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CEOs in Denmark.
Nils Meilvang/Ritzau Scanpix/via Reuters
Some CEOs in Denmark.
BITTER SUITE

Even the most progressive countries struggle to promote women to CEO

By Cassie Werber

From our Obsession

Modern Leadership

The people and companies embracing new paradigms.

The challenge of getting women into the most senior hands-on management roles at companies has been highlighted by a new report, which shows that even a country with some of the most forward-looking gender equality policies can have no women CEOs at its biggest firms.

The report found that Denmark, which has a number of guidelines in place to try to tackle gender imbalances in the workplace, has no female CEOs in its top 20 companies, the OMX Copenhagen 20. The report was released today by executive search firm Heidrick & Struggles, which looked at the indeces of leading companies in 13 European countries and the US. Italy also had no female CEOs, while the average number of women in CEO positions across the surveyed companies was 4.9%.

Globally, progress has been made in recent years getting women into senior roles, particularly positions on boards. Some countries like Norway have opted for mandatory quotas, while others have made progress through less coercive policies. Denmark in 2013 introduced targets, rather than binding quotas, for getting woman onto boards, and required companies to create policies for recruiting and developing female managers.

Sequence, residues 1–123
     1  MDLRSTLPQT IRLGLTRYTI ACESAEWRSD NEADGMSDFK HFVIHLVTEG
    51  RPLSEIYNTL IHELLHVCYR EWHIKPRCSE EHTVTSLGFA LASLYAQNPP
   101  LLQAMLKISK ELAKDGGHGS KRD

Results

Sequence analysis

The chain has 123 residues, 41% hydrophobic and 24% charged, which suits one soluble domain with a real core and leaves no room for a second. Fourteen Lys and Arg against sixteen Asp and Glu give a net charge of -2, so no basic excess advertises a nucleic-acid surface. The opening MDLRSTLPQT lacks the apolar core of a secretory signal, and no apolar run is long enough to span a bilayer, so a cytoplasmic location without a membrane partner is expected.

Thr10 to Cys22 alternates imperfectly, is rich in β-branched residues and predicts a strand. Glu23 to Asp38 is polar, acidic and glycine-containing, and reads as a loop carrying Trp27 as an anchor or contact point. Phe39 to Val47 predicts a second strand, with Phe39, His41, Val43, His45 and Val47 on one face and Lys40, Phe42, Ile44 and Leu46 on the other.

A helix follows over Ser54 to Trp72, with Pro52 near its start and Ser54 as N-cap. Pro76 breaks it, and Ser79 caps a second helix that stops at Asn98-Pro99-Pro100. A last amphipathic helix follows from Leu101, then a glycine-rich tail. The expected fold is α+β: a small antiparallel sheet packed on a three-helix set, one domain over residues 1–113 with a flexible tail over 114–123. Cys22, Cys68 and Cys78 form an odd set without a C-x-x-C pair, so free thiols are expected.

Getting women into the role of CEO is trickier, because it entails addressing the entire pipeline. Most chief executive positions, the report found, are filled from internal promotions rather than outside hires. That means a company needs to promote women through the ranks and, crucially retain them at common career crunch points. Inflexibility around childbirth and early years, for example, has been shown to have a major impact on a woman’s ability to stay in the workforce, and therefore on their subsequent pay (pdf) and leadership opportunities.

Of the countries surveyed, the UK scored best, with 8.2% of CEO positions in its FTSE 100 index (admittedly, five times bigger than Denmark’s index) held by women.